How much extra you could pay for a Georgian property, the heritage hotspots to look out for, and the uptick in the number of people knocking down their home: Annabel Dixon runs through what you need to know in the world of bricks and mortar.
Had a busy week? We know the feeling. So we’ve cherry picked five property-related things that have hit the news in recent days for you.
Buyers willing to pay chunky premium for a Georgian property
With their large windows, high ceilings, and grand fireplaces, Georgian properties can be hard to resist. So much so that buyers are prepared to fork out around a third more to live in one. The typical Georgian property in England is sold for £783,000, according to Yopa, the national estate agency. That’s £201,000, or 34.5%, more than the average £582,000 price tag for nearby homes with the same number of bedrooms.
The most affordable place to buy a Georgian pile is, perhaps surprisingly, south west England, where they command a 31.6% premium. And they cost as much as 47.2% more than the wider housing market in the north east of England, where these period homes tend to be rarer. So if you’ve got your eye on a Georgian property, you’d better start saving…
Gloucestershire crowned England’s heritage hotspot
While we’re on the topic of period property, if you’re keen to boost your chances of buying one, then head south west. Because when it comes to the postcodes with the highest density of listed buildings, four out of the top five are in Gloucestershire, according to Jackson-Stops.
Average house prices in the top postcode, GL7, which covers Cirencester, jumped 21% in just 12 months, ‘making a compelling link between period homes and property values’, says the estate agent.
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Asking prices in October rise at slowest rate since financial crisis
Autumn is an important selling season in the housing market. And average asking prices of homes put up for sale increased by just £1,950, or 0.5%, this month. To put that into context, that’s the smallest rise at this time of year since 2008, and ‘well below’ the historic norm of 1.4% for October, according to Rightmove.
The number of sales agreed is 17% below this time last year. But on a more upbeat note, the level of buyers enquiring about homes on the market is 8% higher than the more normal pre-pandemic housing market of 2019.
An interesting nugget for wannabe sellers: the Rightmove data suggests that if a home receives its first buyer enquiry on the first day of being marketed for sale, rather than after a fortnight, it is 60% more likely to be snapped up.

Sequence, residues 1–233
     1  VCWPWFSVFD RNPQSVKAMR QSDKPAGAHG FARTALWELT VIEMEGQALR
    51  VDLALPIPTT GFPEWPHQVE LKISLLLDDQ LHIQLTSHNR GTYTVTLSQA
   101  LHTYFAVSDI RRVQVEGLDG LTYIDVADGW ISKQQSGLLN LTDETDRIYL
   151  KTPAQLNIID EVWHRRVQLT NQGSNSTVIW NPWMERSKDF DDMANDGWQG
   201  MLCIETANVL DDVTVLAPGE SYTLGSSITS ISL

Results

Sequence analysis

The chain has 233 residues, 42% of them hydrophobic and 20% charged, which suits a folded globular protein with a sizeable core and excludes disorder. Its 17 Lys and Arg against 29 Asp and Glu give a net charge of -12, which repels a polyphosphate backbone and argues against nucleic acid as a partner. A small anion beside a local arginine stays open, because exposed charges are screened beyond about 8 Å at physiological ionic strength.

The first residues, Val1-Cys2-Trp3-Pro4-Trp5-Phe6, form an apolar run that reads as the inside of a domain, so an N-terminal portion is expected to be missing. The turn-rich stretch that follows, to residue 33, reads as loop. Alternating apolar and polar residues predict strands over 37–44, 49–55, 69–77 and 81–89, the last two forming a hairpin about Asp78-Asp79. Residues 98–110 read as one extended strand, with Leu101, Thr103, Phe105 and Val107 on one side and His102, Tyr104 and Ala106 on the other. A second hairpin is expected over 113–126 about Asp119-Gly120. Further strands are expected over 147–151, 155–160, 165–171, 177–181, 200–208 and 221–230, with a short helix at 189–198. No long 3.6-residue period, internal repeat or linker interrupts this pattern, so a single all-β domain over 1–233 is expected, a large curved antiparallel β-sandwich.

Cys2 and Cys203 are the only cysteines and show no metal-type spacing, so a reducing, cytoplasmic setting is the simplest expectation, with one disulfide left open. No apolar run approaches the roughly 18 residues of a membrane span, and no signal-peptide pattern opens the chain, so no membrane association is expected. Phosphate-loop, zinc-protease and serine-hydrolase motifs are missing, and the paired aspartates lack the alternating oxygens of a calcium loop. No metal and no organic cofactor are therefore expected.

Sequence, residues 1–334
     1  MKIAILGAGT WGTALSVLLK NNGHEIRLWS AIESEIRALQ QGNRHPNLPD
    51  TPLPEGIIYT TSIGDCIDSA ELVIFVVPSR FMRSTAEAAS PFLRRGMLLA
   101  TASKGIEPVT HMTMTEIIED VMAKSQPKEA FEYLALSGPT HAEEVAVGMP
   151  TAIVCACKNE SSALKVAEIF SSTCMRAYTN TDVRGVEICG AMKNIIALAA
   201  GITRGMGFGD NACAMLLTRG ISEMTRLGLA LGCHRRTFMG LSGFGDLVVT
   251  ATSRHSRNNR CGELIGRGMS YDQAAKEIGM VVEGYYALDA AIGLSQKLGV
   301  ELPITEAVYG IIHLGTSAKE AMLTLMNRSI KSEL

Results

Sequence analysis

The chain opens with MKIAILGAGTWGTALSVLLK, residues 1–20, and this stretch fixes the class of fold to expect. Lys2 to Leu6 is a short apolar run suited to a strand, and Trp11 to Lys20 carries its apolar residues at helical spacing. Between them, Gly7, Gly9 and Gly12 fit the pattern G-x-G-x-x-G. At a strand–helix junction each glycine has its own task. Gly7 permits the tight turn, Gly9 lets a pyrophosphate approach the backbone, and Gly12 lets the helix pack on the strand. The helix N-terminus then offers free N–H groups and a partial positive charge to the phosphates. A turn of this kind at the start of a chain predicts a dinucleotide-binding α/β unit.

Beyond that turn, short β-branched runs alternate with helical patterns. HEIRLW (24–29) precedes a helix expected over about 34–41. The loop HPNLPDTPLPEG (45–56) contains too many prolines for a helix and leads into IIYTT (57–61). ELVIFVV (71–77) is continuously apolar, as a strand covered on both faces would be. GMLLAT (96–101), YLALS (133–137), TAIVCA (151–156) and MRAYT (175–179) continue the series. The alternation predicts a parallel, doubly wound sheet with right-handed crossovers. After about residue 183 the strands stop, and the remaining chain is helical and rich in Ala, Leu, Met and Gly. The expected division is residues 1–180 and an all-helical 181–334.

Sold prices nudge up in August
Now for the most concrete, if slightly historic, house price data. The UK House Price Index is based on what people actually paid for their homes and includes all purchases, made with cash and mortgages.
And it shows that average UK house prices increased by 0.2% in the 12 months to August, down from 0.7% in July. It means that the typical house price stood at £291,000, similar to a year ago, but £9,000 up from the recent low point in March.
Jeremy Leaf, north London estate agent and a former RICS residential chairman, says: ‘The figures show resilience at a time of great turbulence for the market on the back of rising mortgage rates.’
Homeowners who rebuild their property ‘could pay dividends in the long run’
The number of homes that have been knocked down has increased by 3.7% over the last year, according to estate agent comparison website GetAgent.co.uk.
Demolitions have become less common over the last decade. Just 5,680 homes were torn down across England last year. That’s a 53% drop on 10 years ago, when 12,195 homes were flattened.
Colby Short, co-founder and CEO of GetAgent.co.uk, reckons that demolishing your home and starting from scratch ‘could pay dividends in the long run’.
‘While the cost of rebuilding a home has climbed at a similar rate to the price of the average new-build home over the last year, the overall cost of doing so does come in significantly cheaper than the cost of buying new,’ he explains.
‘This is no doubt a contributing factor to the uptick in demolitions over the last year, with many homeowners simply unable to take the next step up the ladder due to the pandemic boom in house prices.’